Organic farming can feed the world, U of M study shows
Organic farming can yield up to three times as much food on individual farms in developing countries, as low-intensive methods on the same land—according to new findings which refute the long-standing claim that organic farming methods cannot produce enough food to feed the global population.
Researchers from the University of Michigan found that in developed countries, yields were almost equal on organic and conventional farms. In developing countries, food production could double or triple using organic methods, said Ivette Perfecto, professor at U of M’s School of Natural Resources and Environment, and one of the study’s principal investigators. Catherine Badgley, research scientist in the Museum of Paleontology, is a co-author of the paper along with several current and former graduate and undergraduate students from U of M.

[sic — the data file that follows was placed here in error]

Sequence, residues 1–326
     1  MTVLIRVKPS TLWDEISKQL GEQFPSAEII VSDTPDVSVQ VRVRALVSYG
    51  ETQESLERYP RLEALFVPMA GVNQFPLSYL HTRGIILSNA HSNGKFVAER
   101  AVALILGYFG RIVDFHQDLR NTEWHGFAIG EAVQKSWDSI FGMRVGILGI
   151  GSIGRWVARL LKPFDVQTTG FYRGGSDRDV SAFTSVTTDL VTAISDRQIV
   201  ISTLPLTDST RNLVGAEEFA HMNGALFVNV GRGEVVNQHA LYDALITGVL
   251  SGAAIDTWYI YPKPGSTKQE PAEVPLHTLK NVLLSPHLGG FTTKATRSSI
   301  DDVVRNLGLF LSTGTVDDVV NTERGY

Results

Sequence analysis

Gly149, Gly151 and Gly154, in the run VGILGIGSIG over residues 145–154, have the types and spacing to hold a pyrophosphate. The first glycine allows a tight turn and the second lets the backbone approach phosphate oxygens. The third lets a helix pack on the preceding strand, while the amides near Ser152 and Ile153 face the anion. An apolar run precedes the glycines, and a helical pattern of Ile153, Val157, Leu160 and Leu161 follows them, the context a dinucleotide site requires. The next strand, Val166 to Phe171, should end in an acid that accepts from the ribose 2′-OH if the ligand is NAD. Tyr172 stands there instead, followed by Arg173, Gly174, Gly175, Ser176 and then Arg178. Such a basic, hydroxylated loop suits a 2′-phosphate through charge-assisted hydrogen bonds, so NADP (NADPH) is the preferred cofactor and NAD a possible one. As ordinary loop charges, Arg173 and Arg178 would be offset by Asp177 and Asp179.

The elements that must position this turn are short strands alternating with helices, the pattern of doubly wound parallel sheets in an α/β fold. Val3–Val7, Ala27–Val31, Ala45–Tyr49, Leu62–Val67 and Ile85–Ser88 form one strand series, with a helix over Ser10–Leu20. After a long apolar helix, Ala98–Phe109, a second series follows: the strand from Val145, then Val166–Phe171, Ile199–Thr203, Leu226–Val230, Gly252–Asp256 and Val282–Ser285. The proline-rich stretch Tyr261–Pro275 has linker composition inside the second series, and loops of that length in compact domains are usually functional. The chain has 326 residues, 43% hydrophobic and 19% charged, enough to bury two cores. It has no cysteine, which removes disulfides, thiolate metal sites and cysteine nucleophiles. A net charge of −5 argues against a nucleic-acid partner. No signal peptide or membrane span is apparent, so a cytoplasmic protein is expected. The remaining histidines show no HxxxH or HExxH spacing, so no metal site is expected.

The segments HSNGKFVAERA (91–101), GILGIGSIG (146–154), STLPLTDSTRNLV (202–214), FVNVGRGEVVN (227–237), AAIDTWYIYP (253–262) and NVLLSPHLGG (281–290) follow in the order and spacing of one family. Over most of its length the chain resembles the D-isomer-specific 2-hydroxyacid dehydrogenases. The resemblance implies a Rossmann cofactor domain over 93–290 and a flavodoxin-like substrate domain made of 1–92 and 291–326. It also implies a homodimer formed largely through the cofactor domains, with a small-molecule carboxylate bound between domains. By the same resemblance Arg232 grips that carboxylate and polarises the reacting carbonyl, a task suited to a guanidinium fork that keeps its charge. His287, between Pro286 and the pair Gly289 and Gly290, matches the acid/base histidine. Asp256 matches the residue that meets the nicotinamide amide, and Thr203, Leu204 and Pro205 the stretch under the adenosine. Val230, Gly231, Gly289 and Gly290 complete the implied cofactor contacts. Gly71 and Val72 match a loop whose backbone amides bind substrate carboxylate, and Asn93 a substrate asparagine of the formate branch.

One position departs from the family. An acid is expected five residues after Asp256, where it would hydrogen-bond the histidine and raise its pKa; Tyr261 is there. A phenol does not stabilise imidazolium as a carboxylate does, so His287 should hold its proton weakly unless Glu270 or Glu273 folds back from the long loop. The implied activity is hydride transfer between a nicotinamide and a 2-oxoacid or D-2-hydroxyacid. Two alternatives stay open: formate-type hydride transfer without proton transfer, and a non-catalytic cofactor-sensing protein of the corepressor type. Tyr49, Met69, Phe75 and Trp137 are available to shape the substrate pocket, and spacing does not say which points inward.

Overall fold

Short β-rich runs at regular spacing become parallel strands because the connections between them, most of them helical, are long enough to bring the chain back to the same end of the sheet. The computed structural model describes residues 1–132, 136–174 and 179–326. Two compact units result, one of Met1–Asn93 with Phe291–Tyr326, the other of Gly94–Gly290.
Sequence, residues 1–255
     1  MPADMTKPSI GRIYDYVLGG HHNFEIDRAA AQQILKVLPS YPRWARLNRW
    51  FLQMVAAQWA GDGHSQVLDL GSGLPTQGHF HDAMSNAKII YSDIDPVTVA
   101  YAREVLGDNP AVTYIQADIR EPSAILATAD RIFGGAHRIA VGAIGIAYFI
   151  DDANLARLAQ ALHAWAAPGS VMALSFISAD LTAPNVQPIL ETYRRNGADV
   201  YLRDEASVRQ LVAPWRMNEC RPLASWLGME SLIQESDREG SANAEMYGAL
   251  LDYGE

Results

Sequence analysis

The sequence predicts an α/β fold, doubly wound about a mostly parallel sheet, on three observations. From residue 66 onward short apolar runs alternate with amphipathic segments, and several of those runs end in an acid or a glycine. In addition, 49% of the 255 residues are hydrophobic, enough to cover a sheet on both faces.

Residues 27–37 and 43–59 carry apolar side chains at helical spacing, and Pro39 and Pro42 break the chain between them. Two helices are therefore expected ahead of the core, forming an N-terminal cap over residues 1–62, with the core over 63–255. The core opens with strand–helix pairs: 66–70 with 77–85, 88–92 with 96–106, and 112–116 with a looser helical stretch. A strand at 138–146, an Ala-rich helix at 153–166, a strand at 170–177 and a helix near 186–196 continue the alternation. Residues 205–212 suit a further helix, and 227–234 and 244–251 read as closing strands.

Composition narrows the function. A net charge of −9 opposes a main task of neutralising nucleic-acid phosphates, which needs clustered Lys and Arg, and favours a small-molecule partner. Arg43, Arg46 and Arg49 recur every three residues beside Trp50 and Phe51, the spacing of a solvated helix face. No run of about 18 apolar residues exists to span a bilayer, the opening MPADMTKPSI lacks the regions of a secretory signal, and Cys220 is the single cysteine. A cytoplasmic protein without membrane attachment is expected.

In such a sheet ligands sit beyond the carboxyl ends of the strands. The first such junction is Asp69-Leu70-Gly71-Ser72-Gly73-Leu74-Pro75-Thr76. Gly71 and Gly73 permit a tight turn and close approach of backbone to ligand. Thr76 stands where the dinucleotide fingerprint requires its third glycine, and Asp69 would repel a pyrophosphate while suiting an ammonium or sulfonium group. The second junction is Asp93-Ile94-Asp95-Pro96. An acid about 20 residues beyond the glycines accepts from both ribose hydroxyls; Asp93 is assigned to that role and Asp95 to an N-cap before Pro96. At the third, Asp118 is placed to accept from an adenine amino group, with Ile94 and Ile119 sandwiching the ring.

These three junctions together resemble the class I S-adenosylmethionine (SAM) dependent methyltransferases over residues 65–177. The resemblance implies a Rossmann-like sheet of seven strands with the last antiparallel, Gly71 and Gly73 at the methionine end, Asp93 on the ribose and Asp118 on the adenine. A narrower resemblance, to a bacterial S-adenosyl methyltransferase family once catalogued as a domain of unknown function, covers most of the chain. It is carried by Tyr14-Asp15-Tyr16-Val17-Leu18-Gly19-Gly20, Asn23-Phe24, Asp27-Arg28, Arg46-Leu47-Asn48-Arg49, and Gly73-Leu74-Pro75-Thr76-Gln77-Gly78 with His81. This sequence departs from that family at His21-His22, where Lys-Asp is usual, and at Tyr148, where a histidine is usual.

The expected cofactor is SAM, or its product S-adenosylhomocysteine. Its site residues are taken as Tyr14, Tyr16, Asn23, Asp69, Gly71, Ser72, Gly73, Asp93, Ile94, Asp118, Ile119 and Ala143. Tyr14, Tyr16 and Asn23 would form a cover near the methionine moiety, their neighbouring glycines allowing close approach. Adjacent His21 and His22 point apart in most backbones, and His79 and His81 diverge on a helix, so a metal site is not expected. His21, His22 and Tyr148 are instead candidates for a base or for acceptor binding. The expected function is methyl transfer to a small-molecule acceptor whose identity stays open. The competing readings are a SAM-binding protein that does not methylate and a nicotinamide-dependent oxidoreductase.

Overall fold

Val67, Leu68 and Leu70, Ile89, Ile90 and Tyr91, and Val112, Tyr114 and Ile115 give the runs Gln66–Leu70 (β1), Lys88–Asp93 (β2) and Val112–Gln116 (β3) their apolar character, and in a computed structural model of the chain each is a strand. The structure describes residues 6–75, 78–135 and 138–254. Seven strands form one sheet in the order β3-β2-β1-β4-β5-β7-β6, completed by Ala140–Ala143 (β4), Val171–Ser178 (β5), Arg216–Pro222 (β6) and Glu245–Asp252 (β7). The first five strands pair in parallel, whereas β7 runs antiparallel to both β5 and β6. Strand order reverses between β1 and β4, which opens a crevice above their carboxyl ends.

“My hope is that we can finally put a nail in the coffin of the idea that you can’t produce enough food through organic agriculture,” Perfecto said.
In addition to equal or greater yields, the authors found that those yields could be accomplished using existing quantities of organic fertilizers, without putting more farmland into production.
The researchers set about compiling data from published literature to investigate the two chief objections to organic farming: low yields and lack of organically acceptable nitrogen sources.
Their findings refute those key arguments, Perfecto said, and confirm that organic farming is less environmentally harmful yet can potentially produce more than enough food. This is especially good news for developing countries, where it’s sometimes impossible to deliver food from outside, so farmers must supply their own. Yields in developing countries could increase dramatically by switching to organic farming, Perfecto said.
Perfecto said the idea that people would go hungry if farming went organic is “ridiculous.”
“Corporate interest in agriculture and the way agriculture research has been conducted in land grant institutions, with a lot of influence by the chemical companies and pesticide companies as well as fertilizer companies—all have been playing an important role in convincing the public that you need to have these inputs to produce food,” she said.
(Source: University of Michigan)
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